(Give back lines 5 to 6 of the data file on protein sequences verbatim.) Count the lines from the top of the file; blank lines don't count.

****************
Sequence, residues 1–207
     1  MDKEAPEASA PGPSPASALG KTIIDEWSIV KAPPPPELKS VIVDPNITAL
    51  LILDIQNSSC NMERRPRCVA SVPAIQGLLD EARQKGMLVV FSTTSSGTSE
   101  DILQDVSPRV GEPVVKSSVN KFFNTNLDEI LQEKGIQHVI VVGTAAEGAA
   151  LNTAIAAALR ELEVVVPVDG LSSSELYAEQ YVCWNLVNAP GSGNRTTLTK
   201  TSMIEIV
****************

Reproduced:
   151  LNTAIAAALR ELEVVVPVDG LSSSELYAEQ YVCWNLVNAP GSGNRTTLTK
   201  TSMIEIV